You can use the following approaches to address problem gambling in your adult clients, either alone or in combination. These treatments can be effective for people at all stages along the continuum of gambling severity.
To help your client with their problem gambling, your CBT practice should include cognitive restructuring, problem solving and relapse prevention components (Cowlishaw et al., 2012; Menchon et al., 2018). Learn more about implementing CBT in your practice.
Incorporating elements of motivational interviewing will allow you to help your client address their ambivalence toward change and remain in treatment (Yakovenko et al., 2015). Important elements of motivational interviewing include open-ended questions, active and reflective listening and acknowledging their efforts to change. You can also incorporate imaginal desensitization with your motivational interviewing techniques so that your client can use this relaxation-based practice to control their urges whenever they are exposed to gambling situations.
Peer support groups
Discuss with your client whether they might be interested in joining a local peer support group (e.g., Gambler’s Anonymous) to help them build their coping skills and social support network (Schuler et al., 2016).
You can incorporate elements of mindfulness into your client’s treatment plan or refer them to a local mindfulness group.
You can learn more about how to implement mindfulness practices, including those for relapse prevention, with your clients here. You can also teach your clients short mindfulness exercises, such as the Three-Step Breathing Space and Urge Surfing, to help them unhook from the automatic thoughts, feelings and body sensations they experience whenever they feel triggered to gamble.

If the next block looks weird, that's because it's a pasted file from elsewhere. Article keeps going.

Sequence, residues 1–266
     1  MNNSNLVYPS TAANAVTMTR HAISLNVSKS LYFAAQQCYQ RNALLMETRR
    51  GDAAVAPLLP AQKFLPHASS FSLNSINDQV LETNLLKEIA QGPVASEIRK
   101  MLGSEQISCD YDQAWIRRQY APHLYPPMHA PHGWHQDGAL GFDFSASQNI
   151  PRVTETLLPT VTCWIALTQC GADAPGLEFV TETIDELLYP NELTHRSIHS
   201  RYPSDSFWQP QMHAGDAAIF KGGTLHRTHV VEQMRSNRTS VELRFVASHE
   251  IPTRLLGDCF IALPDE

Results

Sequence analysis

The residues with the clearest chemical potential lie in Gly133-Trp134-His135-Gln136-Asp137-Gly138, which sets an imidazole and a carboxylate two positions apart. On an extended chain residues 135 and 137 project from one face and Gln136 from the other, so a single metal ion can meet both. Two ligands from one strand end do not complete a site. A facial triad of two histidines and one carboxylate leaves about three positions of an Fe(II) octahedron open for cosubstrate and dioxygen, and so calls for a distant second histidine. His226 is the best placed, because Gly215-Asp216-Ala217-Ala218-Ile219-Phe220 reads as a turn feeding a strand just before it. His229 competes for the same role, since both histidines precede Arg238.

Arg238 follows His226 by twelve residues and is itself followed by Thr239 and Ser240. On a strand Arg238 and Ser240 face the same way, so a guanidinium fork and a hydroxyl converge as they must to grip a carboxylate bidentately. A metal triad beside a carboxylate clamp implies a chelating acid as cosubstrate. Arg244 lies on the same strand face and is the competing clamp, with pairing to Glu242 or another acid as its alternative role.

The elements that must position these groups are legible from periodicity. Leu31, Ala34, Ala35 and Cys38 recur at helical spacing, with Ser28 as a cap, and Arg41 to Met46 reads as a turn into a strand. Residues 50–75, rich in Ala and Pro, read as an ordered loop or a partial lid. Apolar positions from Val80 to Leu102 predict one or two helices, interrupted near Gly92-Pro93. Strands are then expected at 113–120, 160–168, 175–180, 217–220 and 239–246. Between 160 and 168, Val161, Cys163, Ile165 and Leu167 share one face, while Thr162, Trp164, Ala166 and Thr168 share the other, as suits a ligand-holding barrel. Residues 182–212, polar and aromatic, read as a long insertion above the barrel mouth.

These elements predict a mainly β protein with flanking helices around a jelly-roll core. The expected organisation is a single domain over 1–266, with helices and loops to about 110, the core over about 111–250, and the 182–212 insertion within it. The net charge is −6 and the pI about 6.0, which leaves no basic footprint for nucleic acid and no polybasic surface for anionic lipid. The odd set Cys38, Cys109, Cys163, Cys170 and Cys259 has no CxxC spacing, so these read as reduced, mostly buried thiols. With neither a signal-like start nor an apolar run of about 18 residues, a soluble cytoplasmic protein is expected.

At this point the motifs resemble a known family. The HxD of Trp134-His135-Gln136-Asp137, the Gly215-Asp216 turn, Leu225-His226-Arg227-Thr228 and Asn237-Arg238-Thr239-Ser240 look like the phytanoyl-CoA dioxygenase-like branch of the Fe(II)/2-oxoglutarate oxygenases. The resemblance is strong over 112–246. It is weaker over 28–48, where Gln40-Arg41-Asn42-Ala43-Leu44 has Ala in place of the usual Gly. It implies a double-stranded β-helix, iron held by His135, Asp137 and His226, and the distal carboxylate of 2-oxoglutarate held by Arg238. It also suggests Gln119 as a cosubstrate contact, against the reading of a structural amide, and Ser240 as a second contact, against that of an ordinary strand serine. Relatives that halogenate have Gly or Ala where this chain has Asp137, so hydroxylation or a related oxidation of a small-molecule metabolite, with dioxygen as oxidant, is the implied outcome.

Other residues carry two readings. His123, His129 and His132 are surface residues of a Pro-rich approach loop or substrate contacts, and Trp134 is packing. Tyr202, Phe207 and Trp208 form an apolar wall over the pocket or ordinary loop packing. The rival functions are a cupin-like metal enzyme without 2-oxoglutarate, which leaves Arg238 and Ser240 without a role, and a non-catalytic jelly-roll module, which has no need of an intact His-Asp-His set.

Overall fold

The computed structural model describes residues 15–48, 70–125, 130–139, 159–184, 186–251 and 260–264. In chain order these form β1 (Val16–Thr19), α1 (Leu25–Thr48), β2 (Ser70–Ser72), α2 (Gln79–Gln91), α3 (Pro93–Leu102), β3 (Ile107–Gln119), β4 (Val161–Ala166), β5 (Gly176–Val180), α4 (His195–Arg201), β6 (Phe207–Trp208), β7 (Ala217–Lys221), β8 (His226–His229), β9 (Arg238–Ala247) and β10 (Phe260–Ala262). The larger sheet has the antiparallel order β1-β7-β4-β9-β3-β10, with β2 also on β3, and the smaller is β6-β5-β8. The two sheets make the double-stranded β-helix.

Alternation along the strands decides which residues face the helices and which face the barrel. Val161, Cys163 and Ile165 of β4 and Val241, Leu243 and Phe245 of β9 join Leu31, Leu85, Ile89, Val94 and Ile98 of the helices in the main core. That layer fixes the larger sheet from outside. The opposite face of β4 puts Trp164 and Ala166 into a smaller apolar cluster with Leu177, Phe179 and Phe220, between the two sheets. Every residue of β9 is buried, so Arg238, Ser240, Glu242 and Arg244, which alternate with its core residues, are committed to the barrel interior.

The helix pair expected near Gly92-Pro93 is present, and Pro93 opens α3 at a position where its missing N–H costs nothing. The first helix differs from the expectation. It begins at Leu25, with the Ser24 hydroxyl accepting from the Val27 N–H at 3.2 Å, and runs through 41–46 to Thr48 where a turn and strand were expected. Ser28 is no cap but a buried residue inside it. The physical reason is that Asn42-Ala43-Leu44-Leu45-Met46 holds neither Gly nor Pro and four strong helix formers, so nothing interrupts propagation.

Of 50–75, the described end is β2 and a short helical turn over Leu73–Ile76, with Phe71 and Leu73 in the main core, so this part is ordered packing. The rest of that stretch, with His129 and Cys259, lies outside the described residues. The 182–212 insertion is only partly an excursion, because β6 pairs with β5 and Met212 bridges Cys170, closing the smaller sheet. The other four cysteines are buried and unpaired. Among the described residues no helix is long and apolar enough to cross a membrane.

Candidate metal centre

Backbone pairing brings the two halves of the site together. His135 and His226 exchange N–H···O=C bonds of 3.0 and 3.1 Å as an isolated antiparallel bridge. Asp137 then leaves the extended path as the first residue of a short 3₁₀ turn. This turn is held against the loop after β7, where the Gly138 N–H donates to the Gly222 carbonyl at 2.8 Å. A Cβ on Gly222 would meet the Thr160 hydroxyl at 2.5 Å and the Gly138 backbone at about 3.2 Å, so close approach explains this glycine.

Depending on the severity of your client’s problem gambling and concurrent disorders, they may also benefit from these additional supports:
- Conduct regular suicide risk assessments to determine whether your client needs specialized supports to reduce their risk of harming themselves. Learn more about suicide and gambling.
- Offer to involve family members or other loved ones in treatment sessions depending on their relationship. You can also offer to provide support separately to their family members or loved ones (Kourgiantakis et al., 2013).
- Refer them to a local financial or credit counsellor if their gambling has resulted in financial difficulties.
- Online self-help tools are available for people with gambling problems and their family and friends. These include resources and interactive exercises to learn about gambling and how to help.
- CAMH GGTU trainings and webinars are available for professionals working with individuals who are experiencing problems related to gambling, gaming and technology use.
- Gambling Research Exchange Ontario provides knowledge exchange products and information related to gambling.
- ConnexOntario is an information and referral service focusing on mental health, addiction and problem gambling services in Ontario.